Boy, was I ever happy. What a relief. I’m slung between my rucksack line and parachute. It was a bit like wiping out in deep powder snow and not being able to get a solid foot hold. I began disconnecting releases on the harness and, soon, I actually touched down on terra firma.

I did all the proper paratrooper things: removed my rifle from its case, gathered up the parachute and put in the canvas kit back, stored my rucksack harness and lower line. More planes were coming over so I looked up to watch. What a sight – paratroopers and little white snowflakes filled the sky. Wait! What!? Those little white snowflakes are little white bags — barf bags. Dozens and dozens of the small white vomit bags issued by the Air Force crews fluttering down from the sky – welcome to Panama.

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Members have made 40 comments.

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  1. Profile photo of Judithann Campbell Member

    Thank you for your service, and thank you for this post! One of my cousins was a paratrooper; My Dad who is a WWII veteran has always had the utmost respect for men who, as he puts it, jump out of perfectly good airplanes 🙂

    • #1
    • August 10, 2017 at 11:58 am
    • Like7 likes
  2. Profile photo of PHCheese Member

    It takes big ones to jump out of a perfectly good airplane. I have a buddy that did 12 HAHO jumps into Laos and Cambodia as a member of SOG. He did two tours interrupted by six months in the hospital and medical leave. The stories he tells after a few beers. Glad you survived JGW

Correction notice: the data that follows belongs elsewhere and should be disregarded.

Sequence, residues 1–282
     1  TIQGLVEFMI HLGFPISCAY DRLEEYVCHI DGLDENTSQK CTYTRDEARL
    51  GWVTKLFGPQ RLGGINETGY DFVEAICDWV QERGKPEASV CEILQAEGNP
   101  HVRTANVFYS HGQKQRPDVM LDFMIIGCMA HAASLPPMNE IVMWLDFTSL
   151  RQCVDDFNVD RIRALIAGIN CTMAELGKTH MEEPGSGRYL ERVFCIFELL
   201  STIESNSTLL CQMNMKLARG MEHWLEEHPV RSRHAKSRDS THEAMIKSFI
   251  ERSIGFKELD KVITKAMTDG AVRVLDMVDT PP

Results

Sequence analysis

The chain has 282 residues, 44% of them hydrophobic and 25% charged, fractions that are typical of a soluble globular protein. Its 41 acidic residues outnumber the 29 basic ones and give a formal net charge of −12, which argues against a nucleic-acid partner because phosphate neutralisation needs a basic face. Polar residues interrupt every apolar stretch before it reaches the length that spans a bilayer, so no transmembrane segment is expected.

• #2
    • August 10, 2017 at 12:55 pm
    • Like7 likes
  3. Profile photo of LC Member
    LC

    My grandfather broke his leg his first jump.

    • #3
    • August 10, 2017 at 3:33 pm
    • Like5 likes
  4. Profile photo of JimGoneWild Member
    JimGoneWild Post author

    LC (View Comment):
    My grandfather broke his leg his first jump.

    Wow! Did he ever finish the training?

    • #4
    • August 10, 2017 at 3:38 pm
    • Like2 likes
  5. Profile photo of Steve C. Member

    Good story and well told.

    • #5
    • August 10, 2017 at 3:39 pm
    • Like7 likes
  6. Profile photo of JimGoneWild Member
    JimGoneWild Post author

    Steve C. (View Comment):
    Good story and well told.

    Thanks.

    • #6
    • August 10, 2017 at 3:56 pm
    • Like1 like
  7. Profile photo of Boss Mongo Member

    Jim,

    Outstanding job. As a guy who spent some time on jump status, one of the best descriptive accounts I’ve seen of the process jumping out of a perfectly good aircraft and relying on a silk canopy that must unfurl perfectly from a nylon deployment bag to avoid going splat.

    You do realize, Airborne, you just done volunteered to write a similarly spectacular post about JOTC, right?

    • #7
    • August 10, 2017 at 4:45 pm
    • Like8 likes
  8. Profile photo of dajoho Member